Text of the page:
Hypovitaminosis: how to find out which vitamin the body lacks?

During the late winter and early spring, many people suffer from vitamin and mineral deficiencies. This article describes the symptoms of vitamin deficiency and in which foods to look for them.

During the late winter and early spring, many people suffer from vitamin and mineral deficiencies. This article describes the Vitamin Deficiency Simplifications and in which foods to look for them.

Vitamin deficiency is called Hypovitaminosis. While AVITAMINOSIS is a more serious disease that develops due to the acute lack of any vitamin. For example, rickets, osteoporosis is a vitamin deficiency. D, “Take-beri” is a vitamin deficiency. B1, scurvy, vitamin deficiency. C, pellagra, vitamin deficiency. B3 and others.

Therefore, the so-called “spring avitaminosis” is actually a hypovitaminosis that is common in most people.

Vitamin deficiency can occur due to unbalanced and incomplete diets, frequent fast food, and the fact that non seasonal foods are particularly depleted in essential substances.

Hypovitaminosis can weaken the immune system and cause various painful conditions.

“Spring Avitaminosis: general symptoms.

The symptoms will largely depend on what kind of vitamin the body lacks, but below are the general symptoms of hypovitaminosis:

– fatigue;

– sleepiness;

– irritability;

– depression;

– dermatological manifestations;

– deteriorating hair quality and hair loss;

– frequent colds and reduced immunity;

– muscle weakness.

How do you know from the symptoms what vitamin is missing?

Vitamin D

– frequent colds

– excessive fatigue

– bone minimization

– depressions

– loss of hair

– muscle pains

Vitamin A (retinol)

– dry skin

– dermatologist. diseases (dermatitis, keratosis)

– darkness adjustment disorder

– dandruff, dryness and dullness of hair

– infection. diseases.

Vitamin C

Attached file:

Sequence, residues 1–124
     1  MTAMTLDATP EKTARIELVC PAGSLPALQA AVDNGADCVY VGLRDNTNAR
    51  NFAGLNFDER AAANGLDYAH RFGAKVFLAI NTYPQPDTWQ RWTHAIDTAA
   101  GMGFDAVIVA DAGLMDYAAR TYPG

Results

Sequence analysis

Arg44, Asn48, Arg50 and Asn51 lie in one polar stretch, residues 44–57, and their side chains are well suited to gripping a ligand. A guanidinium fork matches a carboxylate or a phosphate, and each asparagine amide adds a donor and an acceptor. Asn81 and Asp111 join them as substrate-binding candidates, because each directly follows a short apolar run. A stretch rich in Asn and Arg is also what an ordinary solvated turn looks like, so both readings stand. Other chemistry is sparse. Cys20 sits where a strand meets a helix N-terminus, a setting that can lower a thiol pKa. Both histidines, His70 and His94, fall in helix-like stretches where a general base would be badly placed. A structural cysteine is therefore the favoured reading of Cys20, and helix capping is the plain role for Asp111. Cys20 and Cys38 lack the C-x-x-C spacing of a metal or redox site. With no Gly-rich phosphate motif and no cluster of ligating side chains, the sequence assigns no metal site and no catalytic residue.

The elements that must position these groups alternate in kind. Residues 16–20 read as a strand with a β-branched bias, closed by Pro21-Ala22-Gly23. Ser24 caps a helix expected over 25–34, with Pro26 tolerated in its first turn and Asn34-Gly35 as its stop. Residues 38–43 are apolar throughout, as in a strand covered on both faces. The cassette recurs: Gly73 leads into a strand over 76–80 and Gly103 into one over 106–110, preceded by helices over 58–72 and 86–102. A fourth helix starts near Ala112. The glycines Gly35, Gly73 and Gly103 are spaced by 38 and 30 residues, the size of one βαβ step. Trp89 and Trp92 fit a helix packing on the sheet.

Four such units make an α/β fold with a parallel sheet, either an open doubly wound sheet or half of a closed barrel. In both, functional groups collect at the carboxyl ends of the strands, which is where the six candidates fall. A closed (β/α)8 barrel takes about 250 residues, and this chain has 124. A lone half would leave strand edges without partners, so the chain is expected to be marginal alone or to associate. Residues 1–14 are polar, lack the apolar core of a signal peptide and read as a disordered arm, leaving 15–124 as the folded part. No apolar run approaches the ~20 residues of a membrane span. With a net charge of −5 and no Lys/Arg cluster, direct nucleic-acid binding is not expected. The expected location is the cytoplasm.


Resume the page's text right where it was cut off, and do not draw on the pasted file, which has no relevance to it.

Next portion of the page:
– frequent colds and reduced immunity

– exacerbation of chronicles.

– increased tendency to vascular fragility (bleeding gums, nasal bleeding).

– weakness

– anemia

Vitamin B1 (thiamine)

– impatience

– tearfulness

– nervousness

– memory impairment

– sleep impairment

– tendency to constipation

– increased fatigue

– tingling in the extremities

– pant

Vitamin B2 (riboflavin)

– mouth cracks

– oral mucosa inflammation

– red eyes, itchiness, tearfulness, photophobia

– skin diseases (dermatitis, skin flaking)

– muscle weakness

Vitamin B6 (pyridoxine)

– increased anxiety

– impatience

– nervousness

– sleep disturbance

– spasms

– stomatitis

– conjunctivitis

– numbness in the extremities

– anemia

Vitamin B9 (folic acid)

– anemia

– distraction

– memory impairment

– insomnia

– increased fatigue

Vitamin B12 (cobalamines)

– memory impairment

– increased fatigue

– depressions

– numbness

– anemia

– neurological disorders

What products contain vitamins?

Despite the vitamin deficiency in spring foods, we can still make up for the deficiencies of our bodies if our diet includes certain foods.

Vitamin D: fish oil, sea fish (cod, herring, mackerel), chicken liver, egg yolks, butter. Vitamin D can also be produced by sunbathing.

Vitamin A: Sea fish liver, fish oil, chicken liver, carrot, pumpkin, red pepper, yam, sea buckthorn, potato, rosehip.

Important: is absorbed in the presence of fats, so animal sources are the best representatives of vitamin A.

Vitamin C: rosehip, black currant, sea buckthorn, sweet pepper, kiwi, parsley, dill, broccoli, Brussels sprouts, lemon, orange, spinach, strawberry.

Vitamin B1: wheat sprouts and other cereals, oatmeal, brown rice, bread from CZ flour, beans, peas, lentils, pistachios, cashew, spinach, by-products.

Vitamin B2: by-products, peas, buckwheat, oatmeal, herbs, almonds, champignons, chicken eggs.

Vitamin B6: seedlings of cereals and legumes, walnuts, hazelnuts, garlic, pomegranate, herbs, cabbage, chicken liver.

Vitamin B9: peanuts, chicken liver, beans, spinach, asparagus, walnuts, hazelnuts, broccoli, salad, almonds, buckwheat.

Vitamin B12: by-products, chicken eggs, cheese, mackerel, sardines, tuna.

Please note that B vitamins and vitamin C are water-soluble, i.e. they do not accumulate in the body. Therefore, these vitamins must enter our body daily.

Important! Only a laboratory blood test is an accurate confirmation of any vitamin level in the body.